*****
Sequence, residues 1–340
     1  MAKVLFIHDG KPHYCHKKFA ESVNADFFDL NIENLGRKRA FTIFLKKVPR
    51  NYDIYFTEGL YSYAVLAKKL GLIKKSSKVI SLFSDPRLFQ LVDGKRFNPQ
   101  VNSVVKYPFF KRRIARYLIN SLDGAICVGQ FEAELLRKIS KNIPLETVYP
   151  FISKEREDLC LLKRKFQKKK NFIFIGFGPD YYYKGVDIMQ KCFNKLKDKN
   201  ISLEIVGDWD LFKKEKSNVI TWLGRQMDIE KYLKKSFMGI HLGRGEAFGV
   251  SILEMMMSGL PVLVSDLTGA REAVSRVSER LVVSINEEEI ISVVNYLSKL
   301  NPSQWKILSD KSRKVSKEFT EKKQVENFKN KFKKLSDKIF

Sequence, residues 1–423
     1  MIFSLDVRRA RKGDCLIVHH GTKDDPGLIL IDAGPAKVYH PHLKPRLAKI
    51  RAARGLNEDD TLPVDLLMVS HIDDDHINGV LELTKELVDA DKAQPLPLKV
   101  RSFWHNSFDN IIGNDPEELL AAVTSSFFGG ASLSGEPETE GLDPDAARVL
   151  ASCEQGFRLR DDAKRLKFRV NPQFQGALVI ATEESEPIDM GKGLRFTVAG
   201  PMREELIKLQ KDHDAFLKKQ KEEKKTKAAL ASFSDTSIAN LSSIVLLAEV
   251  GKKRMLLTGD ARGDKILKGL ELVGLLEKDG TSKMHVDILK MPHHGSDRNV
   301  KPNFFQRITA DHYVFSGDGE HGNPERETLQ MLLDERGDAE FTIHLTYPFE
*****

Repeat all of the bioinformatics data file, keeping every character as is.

Sequence, residues 1–340
     1  MAKVLFIHDG KPHYCHKKFA ESVNADFFDL NIENLGRKRA FTIFLKKVPR
    51  NYDIYFTEGL YSYAVLAKKL GLIKKSSKVI SLFSDPRLFQ LVDGKRFNPQ
   101  VNSVVKYPFF KRRIARYLIN SLDGAICVGQ FEAELLRKIS KNIPLETVYP
   151  FISKEREDLC LLKRKFQKKK NFIFIGFGPD YYYKGVDIMQ KCFNKLKDKN
   201  ISLEIVGDWD LFKKEKSNVI TWLGRQMDIE KYLKKSFMGI HLGRGEAFGV
   251  SILEMMMSGL PVLVSDLTGA REAVSRVSER LVVSINEEEI ISVVNYLSKL
   301  NPSQWKILSD KSRKVSKEFT EKKQVENFKN KFKKLSDKIF

Sequence, residues 1–423
     1  MIFSLDVRRA RKGDCLIVHH GTKDDPGLIL IDAGPAKVYH PHLKPRLAKI
    51  RAARGLNEDD TLPVDLLMVS HIDDDHINGV LELTKELVDA DKAQPLPLKV
   101  RSFWHNSFDN IIGNDPEELL AAVTSSFFGG ASLSGEPETE GLDPDAARVL
   151  ASCEQGFRLR DDAKRLKFRV NPQFQGALVI ATEESEPIDM GKGLRFTVAG
   201  PMREELIKLQ KDHDAFLKKQ KEEKKTKAAL ASFSDTSIAN LSSIVLLAEV
   251  GKKRMLLTGD ARGDKILKGL ELVGLLEKDG TSKMHVDILK MPHHGSDRNV
   301  KPNFFQRITA DHYVFSGDGE HGNPERETLQ MLLDERGDAE FTIHLTYPFE